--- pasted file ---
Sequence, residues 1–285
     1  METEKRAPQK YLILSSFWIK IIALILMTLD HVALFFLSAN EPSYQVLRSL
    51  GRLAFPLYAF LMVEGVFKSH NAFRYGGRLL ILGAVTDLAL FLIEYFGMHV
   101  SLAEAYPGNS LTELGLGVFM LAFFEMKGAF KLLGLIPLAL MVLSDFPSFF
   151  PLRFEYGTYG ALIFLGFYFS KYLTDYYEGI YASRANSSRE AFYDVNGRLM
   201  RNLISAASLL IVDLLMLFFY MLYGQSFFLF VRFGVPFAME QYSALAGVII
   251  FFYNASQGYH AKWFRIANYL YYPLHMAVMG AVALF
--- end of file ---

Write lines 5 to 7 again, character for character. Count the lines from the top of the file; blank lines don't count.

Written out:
   151  PLRFEYGTYG ALIFLGFYFS KYLTDYYEGI YASRANSSRE AFYDVNGRLM
   201  RNLISAASLL IVDLLMLFFY MLYGQSFFLF VRFGVPFAME QYSALAGVII
   251  FFYNASQGYH AKWFRIANYL YYPLHMAVMG AVALF